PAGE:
The different societies shared certain common, fundamental features until about 10,000 years ago. This was because they all obtained their food, shelter and clothing in roughly the same way, through ‘foraging’ – that is, through getting hold of natural produce (fruit and nuts, roots, wild animals, fish and shellfish) and processing them for use. These societies were all what are normally called ‘hunting and gathering’ – or, better, ‘foraging’ – societies.9
Many survived in wide regions of the world until only a few hundred years ago, and the remnants of a few still exist at the time of writing. It has been by studying these that anthropologists such as Richard Lee have been able draw conclusions about what life was like for the whole of our species for at least 90 per cent of its history.
The reality was very different to the traditional Western image of such people as uncultured ‘savages’,10 living hard and miserable lives in ‘a state of nature’, with a bitter and bloody struggle to wrest a livelihood matched by a ‘war of all against all’, which made life ‘nasty, brutish and short’.11
People lived in loose-knit groups of 30 or 40 which might periodically get together with other groups in bigger gatherings of up to 200. But life in such ‘band societies’ was certainly no harder than for many millions of people living in more ‘civilised’ agricultural or industrial societies. One eminent anthropologist has even called them ‘the original affluent society’.12
There were no rulers, bosses or class divisions in these societies. As Turnbull wrote of the Mbuti pygmies of Congo, ‘There were no chiefs, no formal councils. In each aspect of … life there might be one or two men or women who were more prominent than others, but usually for good practical reasons … The maintenance of law was a cooperative affair’.13 People cooperated with each other to procure the means of livelihood without either bowing before a great leader or engaging in endless strife with each other. Ernestine Friedl reported from her studies, ‘Men and women alike are free to decide how they will spend each day: whether to go hunting or gathering, and with whom’.14 Eleanor Leacock told of her findings: ‘There was no … private land ownership and no specialisation of labour beyond that of sex … People made decisions about the activities for which they were responsible. Consensus was reached within whatever group would be carrying out a collective activity’.15 Behaviour was characterised by generosity rather than selfishness, and individuals helped each other, offering food they had obtained to other band members before taking it themselves. Lee comments, ‘Food is never consumed alone by a family: it is always shared out among members of a living group or band … This principle of generalised reciprocity has been reported of hunter-gatherers in every continent and in every kind of environment’.16 He further reports that the group he studied, the !Kung17 people of the Kalahari (the so-called ‘Bushmen’), ‘are a fiercely egalitarian people, and they have evolved a series of important cultural practices to maintain this equality, first by cutting down to size the arrogant and boastful, and second by helping those down on their luck to get back in the game’.18 An early Jesuit missionary noted of another hunter-gathering people, the Montagnais of Canada, ‘The two tyrants who provide hell and torture for many of our Europeans do not reign in their great forests – I mean ambition and avarice … not one of them has given himself to the devil to acquire wealth’.19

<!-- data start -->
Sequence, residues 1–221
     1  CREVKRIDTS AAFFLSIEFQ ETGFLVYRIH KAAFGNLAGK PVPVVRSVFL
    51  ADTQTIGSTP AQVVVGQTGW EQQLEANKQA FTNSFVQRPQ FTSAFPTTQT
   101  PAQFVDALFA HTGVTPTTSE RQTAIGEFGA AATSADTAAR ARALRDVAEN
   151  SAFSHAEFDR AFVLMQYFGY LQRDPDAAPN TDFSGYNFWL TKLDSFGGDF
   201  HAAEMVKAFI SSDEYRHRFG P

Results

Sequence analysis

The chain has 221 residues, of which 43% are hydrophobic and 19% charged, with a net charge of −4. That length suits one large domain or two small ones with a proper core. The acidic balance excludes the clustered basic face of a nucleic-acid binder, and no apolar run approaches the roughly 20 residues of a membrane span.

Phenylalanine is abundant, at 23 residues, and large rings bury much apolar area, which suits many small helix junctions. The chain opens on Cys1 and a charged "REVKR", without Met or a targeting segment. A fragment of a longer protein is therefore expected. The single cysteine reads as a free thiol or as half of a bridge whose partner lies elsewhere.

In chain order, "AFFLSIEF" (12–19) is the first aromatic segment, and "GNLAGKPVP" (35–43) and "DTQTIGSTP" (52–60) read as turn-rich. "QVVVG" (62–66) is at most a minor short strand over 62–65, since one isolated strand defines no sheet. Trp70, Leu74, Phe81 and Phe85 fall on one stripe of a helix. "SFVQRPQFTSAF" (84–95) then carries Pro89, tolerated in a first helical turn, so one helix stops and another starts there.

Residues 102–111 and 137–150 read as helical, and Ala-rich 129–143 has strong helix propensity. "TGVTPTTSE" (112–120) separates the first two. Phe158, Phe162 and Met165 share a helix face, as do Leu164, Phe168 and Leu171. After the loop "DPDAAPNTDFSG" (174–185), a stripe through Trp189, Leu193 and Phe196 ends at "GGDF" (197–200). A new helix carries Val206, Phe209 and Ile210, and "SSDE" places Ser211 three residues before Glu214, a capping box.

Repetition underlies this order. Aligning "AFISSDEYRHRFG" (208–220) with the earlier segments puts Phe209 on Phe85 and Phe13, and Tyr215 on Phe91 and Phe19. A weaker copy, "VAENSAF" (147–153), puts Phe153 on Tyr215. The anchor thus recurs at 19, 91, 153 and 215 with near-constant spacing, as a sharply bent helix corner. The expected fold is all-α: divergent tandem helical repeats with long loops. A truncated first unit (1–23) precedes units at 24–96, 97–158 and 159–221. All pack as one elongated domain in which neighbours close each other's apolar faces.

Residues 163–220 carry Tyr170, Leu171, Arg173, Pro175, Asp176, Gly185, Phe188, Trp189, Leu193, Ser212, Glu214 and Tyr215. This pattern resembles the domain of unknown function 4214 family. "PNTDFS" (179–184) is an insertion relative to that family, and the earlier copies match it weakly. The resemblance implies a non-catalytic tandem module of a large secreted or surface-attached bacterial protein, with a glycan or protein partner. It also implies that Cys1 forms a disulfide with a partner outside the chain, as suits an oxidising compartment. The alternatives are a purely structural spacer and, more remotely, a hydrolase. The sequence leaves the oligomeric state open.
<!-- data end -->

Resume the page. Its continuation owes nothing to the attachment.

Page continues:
There was very little in the way of warfare, as Friedl notes:
Contests for territory between the men of neighbouring foraging groups are not unknown … But on the whole, the amount of energy men devote to training for fighting or time spent on war expeditions among hunter-gatherers is not great … Conflicts within bands are normally settled by the departure of one of the parties to the dispute.20
Such evidence completely refutes claims by people such as Ardrey that the whole prehistory of humanity, from the time of Australopithecus – the first ape-like animal to walk on two legs – through to the emergence of literacy, was based on the ‘killing imperative’, that ‘hunter-gatherer bands fought over water holes which tended all too often to vanish under the baking African sun’, that we are all ‘Cain’s children’, that ‘human history has turned on the development of superior weapons … for genetic necessity’, and that, therefore, only a thin veneer of ‘civilisation’ conceals an instinctive ‘delight in massacre, slavery, castration and cannibalism’.21
This is of immense importance for any arguments about ‘human nature’. For, if such a nature exists, it was moulded by natural selection during the long epoch of hunting and gathering. Richard Lee is quite right to insist:
It is the long experience of egalitarian sharing that has moulded our past. Despite our seeming adaptation to life in hierarchical societies, and despite the rather dismal track record of human rights in many parts of the world,...

Table of contents

  1. Cover Page
  2. Halftitle Page
  3. Title Page
  4. Copyright Page
  5. Contents
  6. Introduction
  7. Part one: The rise of class societies
  8. Part two: The ancient world
  9. Part three: The ‘Middle Ages’
  10. Part four: The great transformation
  11. Part five: The spread of the new order
  12. Part six: The world turned upside down
  13. Part seven: The century of hope and horror
  14. Conclusion: Illusion of the epoch
  15. Notes
  16. Glossary
  17. Further Reading
  18. Index